Former undefeated British, Commonwealth and European champion and undisputed world title challenger Howard Eastman will face Miami based Colombian Edison Miranda in a final eliminator this spring for the right to challenge IBF champion Arthur Abraham.
"I got goose bumps when my promoter Mick Hennessy gave me this news," said Eastman, from Battersea, yesterday. "I have not felt like this for a long time. He has given me the opportunity to spring myself back into contention.
"Because of what’s happened recently I need to prove to people that I can go in there and take these guys out properly. There can be no room for doubt; you must make sure that the result comes your way. I have only failed to do that on three occasions in my whole professional career.
"But I know from now on that as long as I am true to myself and to my promoter, that there will be no more room for doubt. Results will be a foregone conclusion."
The Battersea Bomber’s three defeats in a Championship littered career have all come at the highest level. In 2001 he suffered a highly contentious decision against William Joppy for the WBA title in Las Vegas.
He rebuilt from that setback in spectacular style to earn a shot in Los Angeles last February against then undisputed and pound for pound king Bernard Hopkins. Despite fighting the wrong sort of the fight Eastman became the first to really push the champion, (who has since praised him highly), for several years, forcing him to adopt negative tactics.
The other reverse came against German based Arthur Abraham last July in Nuremberg. Despite only being at about 70% and having to deal with a hostile crowd, he appeared to have done enough over the 12 rounds, only for the judges to rule in favor of the home fighter.
Abraham went on to lift the IBF title, (that Eastman will now contest a final eliminator for), in spectacular style by knocking out the highly touted Kingsley Ikeke.
As such, victory over Miranda will provide Eastman with the opportunity not only to lift the genuine world title he clearly has the talent to win, but also to set the record straight.
"The fight with Abraham is a fight that was destined to have a rematch," Eastman added. "I am looking forward to fighting him again. I still want rematches against Joppy and Hopkins but we are doing things backwards. I am fighting the third guy I lost to, first. Hopefully we can get to the others afterwards.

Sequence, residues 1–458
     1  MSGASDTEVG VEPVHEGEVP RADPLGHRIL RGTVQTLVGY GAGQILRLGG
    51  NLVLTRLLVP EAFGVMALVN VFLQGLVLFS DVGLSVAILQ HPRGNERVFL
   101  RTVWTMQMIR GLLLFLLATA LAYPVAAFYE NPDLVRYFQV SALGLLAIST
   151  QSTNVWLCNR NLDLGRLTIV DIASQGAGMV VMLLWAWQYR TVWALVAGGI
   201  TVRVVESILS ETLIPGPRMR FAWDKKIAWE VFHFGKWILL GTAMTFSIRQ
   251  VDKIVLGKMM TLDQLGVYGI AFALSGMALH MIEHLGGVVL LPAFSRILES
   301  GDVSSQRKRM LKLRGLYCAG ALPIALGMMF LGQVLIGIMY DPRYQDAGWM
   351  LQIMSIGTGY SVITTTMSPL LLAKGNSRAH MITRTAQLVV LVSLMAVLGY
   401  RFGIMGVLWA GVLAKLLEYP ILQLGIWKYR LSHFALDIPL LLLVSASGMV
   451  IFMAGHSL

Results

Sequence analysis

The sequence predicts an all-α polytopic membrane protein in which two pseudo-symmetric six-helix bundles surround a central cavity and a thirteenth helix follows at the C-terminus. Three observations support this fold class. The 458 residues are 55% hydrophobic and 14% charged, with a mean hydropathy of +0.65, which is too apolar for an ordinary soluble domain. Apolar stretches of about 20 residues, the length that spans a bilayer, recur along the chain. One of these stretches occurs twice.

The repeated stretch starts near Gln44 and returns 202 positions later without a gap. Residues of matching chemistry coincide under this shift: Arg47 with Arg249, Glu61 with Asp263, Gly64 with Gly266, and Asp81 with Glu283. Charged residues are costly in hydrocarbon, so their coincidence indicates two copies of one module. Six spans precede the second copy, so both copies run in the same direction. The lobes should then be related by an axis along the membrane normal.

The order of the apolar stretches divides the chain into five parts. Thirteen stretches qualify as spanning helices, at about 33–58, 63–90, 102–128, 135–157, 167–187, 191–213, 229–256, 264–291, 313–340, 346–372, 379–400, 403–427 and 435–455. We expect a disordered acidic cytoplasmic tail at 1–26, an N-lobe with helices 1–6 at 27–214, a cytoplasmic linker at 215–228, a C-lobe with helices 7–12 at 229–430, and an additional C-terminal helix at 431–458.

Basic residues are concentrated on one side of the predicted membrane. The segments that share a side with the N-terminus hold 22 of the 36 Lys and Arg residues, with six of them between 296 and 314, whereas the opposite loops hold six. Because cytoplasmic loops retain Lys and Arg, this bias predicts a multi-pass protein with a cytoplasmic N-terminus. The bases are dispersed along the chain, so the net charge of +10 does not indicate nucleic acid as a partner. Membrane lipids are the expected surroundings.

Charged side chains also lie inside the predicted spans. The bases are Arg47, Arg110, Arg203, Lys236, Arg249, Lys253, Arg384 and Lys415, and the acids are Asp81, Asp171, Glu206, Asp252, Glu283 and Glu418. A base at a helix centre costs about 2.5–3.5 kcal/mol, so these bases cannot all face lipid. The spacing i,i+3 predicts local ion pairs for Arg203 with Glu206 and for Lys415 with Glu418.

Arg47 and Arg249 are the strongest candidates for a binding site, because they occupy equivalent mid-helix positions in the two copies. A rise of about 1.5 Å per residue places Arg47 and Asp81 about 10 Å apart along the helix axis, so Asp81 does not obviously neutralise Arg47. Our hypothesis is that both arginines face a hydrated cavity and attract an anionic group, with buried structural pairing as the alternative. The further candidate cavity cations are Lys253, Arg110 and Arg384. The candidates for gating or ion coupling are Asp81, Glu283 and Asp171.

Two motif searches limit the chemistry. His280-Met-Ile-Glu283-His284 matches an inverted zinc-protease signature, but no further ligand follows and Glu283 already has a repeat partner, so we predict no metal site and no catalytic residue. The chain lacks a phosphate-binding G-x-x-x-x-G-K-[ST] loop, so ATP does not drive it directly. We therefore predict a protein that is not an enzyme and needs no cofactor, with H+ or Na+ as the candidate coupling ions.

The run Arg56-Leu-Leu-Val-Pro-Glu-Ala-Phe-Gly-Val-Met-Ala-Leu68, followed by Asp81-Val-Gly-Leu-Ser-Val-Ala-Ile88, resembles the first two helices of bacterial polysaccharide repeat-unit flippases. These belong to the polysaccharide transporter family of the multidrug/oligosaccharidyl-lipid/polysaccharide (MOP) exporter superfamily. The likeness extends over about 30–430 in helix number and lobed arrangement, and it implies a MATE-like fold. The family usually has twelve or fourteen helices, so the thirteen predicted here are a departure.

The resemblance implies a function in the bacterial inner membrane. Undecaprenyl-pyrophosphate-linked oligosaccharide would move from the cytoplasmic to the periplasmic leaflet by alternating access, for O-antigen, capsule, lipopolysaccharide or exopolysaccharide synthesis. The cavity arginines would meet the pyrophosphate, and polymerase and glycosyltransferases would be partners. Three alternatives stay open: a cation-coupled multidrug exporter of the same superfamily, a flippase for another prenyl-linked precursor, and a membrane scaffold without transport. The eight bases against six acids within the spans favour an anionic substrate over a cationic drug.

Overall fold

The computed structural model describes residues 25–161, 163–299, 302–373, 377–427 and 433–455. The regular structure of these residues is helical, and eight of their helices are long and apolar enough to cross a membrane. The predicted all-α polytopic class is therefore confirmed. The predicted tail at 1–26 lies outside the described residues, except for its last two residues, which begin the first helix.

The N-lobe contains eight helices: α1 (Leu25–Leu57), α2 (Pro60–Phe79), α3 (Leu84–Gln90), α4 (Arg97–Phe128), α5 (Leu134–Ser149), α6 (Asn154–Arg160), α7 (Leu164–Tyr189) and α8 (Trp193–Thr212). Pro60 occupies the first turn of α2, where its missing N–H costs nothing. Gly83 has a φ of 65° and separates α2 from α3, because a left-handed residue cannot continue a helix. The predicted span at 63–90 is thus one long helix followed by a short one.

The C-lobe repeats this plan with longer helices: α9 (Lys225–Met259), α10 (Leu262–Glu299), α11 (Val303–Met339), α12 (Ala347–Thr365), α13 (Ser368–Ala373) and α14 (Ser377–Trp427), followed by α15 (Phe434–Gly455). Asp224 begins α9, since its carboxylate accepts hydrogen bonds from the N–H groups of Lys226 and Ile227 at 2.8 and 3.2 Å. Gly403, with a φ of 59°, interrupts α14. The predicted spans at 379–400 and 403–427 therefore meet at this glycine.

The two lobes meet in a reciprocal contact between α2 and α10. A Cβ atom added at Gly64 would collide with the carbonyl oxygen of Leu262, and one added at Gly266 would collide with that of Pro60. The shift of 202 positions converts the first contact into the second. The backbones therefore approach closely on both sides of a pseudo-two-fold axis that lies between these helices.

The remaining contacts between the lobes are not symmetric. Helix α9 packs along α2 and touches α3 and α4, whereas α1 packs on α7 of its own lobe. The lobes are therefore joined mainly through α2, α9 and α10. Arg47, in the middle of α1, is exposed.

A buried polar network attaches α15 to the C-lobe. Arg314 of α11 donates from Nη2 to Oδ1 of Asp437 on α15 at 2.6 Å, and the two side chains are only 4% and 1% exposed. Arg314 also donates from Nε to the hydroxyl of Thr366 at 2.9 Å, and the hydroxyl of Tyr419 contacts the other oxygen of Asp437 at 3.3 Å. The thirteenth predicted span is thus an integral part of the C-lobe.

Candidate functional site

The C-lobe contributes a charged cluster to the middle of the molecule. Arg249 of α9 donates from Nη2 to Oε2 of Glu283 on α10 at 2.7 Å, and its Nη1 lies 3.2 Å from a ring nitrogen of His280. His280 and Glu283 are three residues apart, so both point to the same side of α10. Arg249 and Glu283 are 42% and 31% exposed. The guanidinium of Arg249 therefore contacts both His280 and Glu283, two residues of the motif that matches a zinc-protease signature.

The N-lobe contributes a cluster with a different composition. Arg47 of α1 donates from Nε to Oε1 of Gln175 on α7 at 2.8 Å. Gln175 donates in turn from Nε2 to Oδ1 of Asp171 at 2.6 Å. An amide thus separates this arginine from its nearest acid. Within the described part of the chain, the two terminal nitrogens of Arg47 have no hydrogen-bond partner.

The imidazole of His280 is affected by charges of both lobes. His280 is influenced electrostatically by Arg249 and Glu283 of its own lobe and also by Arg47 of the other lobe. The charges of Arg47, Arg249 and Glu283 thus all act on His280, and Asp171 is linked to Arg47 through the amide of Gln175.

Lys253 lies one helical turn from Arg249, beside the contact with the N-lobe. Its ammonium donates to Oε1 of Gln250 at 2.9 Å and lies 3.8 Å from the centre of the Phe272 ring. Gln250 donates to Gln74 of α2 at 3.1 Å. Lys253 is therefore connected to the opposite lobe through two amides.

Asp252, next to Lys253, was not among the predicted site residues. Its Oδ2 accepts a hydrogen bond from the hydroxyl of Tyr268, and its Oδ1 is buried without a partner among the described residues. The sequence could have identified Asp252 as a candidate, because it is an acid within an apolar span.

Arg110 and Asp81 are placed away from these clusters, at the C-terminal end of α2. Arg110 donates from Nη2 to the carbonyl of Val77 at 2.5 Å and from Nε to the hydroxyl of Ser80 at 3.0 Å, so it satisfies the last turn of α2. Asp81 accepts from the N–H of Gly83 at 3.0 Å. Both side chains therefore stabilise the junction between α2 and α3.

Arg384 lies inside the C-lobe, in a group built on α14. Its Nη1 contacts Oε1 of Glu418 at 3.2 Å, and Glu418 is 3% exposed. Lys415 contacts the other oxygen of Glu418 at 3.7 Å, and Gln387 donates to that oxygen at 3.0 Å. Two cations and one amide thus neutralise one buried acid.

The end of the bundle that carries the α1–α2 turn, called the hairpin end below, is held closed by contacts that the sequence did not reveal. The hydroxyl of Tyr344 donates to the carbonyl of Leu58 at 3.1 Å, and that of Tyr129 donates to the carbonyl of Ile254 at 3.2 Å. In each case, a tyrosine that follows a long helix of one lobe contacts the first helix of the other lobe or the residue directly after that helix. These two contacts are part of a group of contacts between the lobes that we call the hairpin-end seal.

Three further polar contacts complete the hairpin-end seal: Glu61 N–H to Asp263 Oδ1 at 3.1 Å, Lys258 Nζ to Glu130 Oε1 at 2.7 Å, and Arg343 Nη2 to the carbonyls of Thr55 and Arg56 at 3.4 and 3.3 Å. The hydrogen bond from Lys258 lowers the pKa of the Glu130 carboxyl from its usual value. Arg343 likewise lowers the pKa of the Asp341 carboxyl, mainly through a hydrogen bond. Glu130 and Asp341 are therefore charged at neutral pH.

"To be seen as a true champion, Abraham needs an authentic fight – particularly as his win over me wasn’t satisfactory, even though he got out of the ring with the result.
"I think I won that fight and so did a lot of other people, even though everything was in his favour. It was in his backyard and because of various things going on I didn’t have much time to train.
"My preparation for that fight was poor, I got no sparring and if I’m being honest I didn’t eat properly.
"When you fight the way I do you need a lot of energy, but when I pushed on the gas against Abraham there was nothing there. There were times when all I would have had to do to knock him over was push him, but I was empty. He still didn’t come close to knocking me over.
"It was an interesting fight and I am sure we both learned from it, but when we fight again I think I will stop him in eight rounds. Abraham likes to fight; he doesn’t know the ring like Hopkins and Joppy, so it will be easy for me to get to him. He plods and throws a lot of hooks. He actually fights a bit like Scott Dann.
"The rematch will be good, it’s going to be one for the boxing fans who will know what I am really all about. This fight will see the real me.
"I am going to go and train in America. I am going to be fully focused; there will be no more distractions. There will be no people saying things into my ear from now on, trying to put thoughts in my head about certain things.
"I appreciate that I am being looked after. Practically every fight Mick Hennessy has got me has been for a title and he got me the opportunities against Hopkins and then Abraham. I know he has always had my best interests at heart and I am going to repay the faith he has put in me. I may be 35 years old, but I’m not the average 35-year-old. Don’t be getting any ideas about that. There is a long way to go yet."
The first obstacle in Eastman’s path is a stiff punching 25-year-old Colombian from the same promotional stable as undisputed cruiserweight king O’Neil Bell. Miranda, who won his first 21 fights all inside the distance, earned the opportunity after stringing together a series of impressive wins in America.
"I don’t know a great deal about Miranda, but judging by his record he looks like a fighter who is on a mission," Eastman appraised. "He showed he meant business by relocating to the States recently. It’s a tough fight, but this is my chance to prove that I am still one of the world’s best."